However, outdoor Pitbulls are more prone to road traffic accidents, abuse, and infectious diseases. Generally, indoor Pitbulls live longer than outdoor ones because of the lower risk of accidents and the consistent nutrition and health care they receive at their homes.

#3. Gender of the Pitbull

Unspayed female Pitbulls live longer than unneutered male Pitbulls. This disparity can be attributed to chances of trauma, aging processes, and hormonal factors. However, this does not apply to spayed or neutered Pitbulls.

#4. Nutrition

Pitbulls that receive balanced nutrition live longer than dogs that are not provided with a healthy diet. A common misconception is that all packaged commercial foods are healthy and balanced, which is not the case.

It’s best to consult your vet and discuss which branded or home foods are best suited for your Pitbull. You also need to know how much food you should be feeding your Pitbull daily. Look out for signs of overeating and weight gain and take appropriate measures to rectify the problem.

#5. Spaying or Neutering

With spayed or neutered Pitbulls, there is no surge of hormones that is seen in unspayed/unneutered dogs. Hence, spayed female Pitbulls do not suffer from ovarian and uterine cancer. They also have a decreased chance of developing mammary cancer. Likewise, neutered male Pitbulls do not suffer from testicular cancers.

Pitbulls that are not spayed/neutered are also more likely to roam around when they are in heat, exposing them to higher risks of road traffic accidents and other trauma. They can also acquire infectious diseases on the streets.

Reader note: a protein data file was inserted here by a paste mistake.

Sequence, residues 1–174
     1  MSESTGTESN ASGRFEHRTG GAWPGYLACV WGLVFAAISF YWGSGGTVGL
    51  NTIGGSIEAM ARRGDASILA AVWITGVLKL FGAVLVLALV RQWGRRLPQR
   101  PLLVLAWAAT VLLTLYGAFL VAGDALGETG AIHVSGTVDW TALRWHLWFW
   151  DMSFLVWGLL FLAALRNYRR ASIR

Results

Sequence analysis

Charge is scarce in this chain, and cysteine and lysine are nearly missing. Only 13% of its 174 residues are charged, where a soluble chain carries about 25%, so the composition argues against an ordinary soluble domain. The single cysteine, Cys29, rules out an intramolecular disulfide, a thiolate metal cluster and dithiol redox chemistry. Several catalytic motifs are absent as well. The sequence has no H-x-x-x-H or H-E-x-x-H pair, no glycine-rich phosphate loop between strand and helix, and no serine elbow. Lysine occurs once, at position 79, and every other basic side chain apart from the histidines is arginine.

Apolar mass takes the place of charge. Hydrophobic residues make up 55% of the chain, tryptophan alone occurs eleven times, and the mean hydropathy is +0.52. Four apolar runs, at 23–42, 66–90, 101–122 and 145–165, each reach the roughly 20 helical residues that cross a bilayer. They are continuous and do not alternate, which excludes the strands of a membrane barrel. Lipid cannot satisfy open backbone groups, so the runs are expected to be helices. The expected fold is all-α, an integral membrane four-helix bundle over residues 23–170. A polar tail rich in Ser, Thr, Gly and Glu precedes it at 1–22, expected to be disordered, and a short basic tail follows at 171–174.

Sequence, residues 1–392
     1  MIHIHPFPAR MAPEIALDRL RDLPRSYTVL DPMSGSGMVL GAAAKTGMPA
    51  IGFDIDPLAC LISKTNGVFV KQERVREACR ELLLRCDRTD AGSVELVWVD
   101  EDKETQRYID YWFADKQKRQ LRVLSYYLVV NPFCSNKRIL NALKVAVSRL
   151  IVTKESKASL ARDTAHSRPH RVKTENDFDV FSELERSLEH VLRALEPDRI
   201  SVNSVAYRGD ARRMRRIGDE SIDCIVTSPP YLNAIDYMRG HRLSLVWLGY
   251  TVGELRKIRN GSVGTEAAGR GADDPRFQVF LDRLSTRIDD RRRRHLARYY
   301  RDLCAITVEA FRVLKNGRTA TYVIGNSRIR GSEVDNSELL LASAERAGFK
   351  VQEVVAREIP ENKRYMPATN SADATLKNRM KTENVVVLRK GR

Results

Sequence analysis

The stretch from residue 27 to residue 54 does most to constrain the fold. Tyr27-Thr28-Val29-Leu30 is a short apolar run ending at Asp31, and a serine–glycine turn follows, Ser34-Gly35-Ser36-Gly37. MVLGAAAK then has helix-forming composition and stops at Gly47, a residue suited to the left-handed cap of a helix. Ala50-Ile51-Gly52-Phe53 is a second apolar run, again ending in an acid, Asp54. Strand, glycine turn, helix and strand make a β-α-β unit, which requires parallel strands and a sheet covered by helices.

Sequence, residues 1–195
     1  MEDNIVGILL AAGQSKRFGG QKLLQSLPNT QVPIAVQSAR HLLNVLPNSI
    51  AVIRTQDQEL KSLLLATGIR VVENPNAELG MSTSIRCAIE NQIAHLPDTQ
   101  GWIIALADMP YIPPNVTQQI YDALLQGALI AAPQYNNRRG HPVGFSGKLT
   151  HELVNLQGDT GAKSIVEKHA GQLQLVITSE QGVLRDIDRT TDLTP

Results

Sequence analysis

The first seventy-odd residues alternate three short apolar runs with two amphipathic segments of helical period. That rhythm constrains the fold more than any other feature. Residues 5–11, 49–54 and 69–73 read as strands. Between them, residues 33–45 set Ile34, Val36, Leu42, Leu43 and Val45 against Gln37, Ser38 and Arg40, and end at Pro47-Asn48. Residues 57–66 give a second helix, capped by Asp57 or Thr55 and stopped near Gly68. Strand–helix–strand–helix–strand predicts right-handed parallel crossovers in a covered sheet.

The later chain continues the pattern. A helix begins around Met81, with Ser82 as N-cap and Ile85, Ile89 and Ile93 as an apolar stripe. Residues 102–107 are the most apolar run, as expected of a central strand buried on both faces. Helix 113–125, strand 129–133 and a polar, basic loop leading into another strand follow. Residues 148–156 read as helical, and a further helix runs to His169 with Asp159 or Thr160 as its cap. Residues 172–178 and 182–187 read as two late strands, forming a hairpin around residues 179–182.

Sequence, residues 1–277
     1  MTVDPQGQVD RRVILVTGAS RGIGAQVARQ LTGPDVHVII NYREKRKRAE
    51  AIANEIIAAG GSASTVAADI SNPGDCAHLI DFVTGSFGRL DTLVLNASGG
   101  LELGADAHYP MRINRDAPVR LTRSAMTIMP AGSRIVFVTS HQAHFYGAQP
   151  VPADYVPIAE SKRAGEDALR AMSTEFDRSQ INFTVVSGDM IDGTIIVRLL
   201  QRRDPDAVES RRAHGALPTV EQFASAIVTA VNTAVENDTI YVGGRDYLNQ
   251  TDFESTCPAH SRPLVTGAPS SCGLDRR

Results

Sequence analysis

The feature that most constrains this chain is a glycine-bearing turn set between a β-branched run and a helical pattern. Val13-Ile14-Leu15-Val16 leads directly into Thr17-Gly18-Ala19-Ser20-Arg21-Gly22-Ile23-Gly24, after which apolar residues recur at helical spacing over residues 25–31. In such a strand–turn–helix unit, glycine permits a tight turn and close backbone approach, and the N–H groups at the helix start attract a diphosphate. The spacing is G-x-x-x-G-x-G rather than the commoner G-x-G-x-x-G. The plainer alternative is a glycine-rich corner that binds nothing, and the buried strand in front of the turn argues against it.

#6. Weight and Exercise

Pitbulls that lead a sedentary lifestyle tend to be obese, which can lead to a host of health conditions like cardiovascular diseases or bone and joint diseases. Underweight Pitbulls can also suffer from different diseases. Regular exercise and monitored eating habits are required to keep your Pitbull in the ideal weight range.

If you have suspicions that your Pitbull is overweight or underweight, consult your vet and come up with the right dietary chart and exercise schedules to follow.

#7. Size of Your Pitbull

Pitbulls that are smaller in size generally live longer than those that are bigger. Smaller dogs run faster, are more active, and tend to be healthier than larger, bulkier Pitbulls.

#8. Health Care

Pitbulls that receive regular healthcare live longer than the ones that do not, for obvious reasons. Vets will be able to diagnose conditions early and provide the necessary treatment. They will also help prevent many diseases that your Pitbull could develop.

What Do Pitbulls Usually Die from?

What Do Pitbulls Usually Die from

Generally, Pitbulls have an athletic build, a good genetic pool, and a strong immune system. However, they too are susceptible to chronic illnesses and infectious diseases. Here is a list of the most common reasons why Pitbulls die.

#1. Trauma

Pitbulls can be aggressive and protective. This leads them to fight with bigger dogs and hurt themselves. Because of their love for being outdoors, they can also die from road traffic accidents and, in rare cases, human abuse.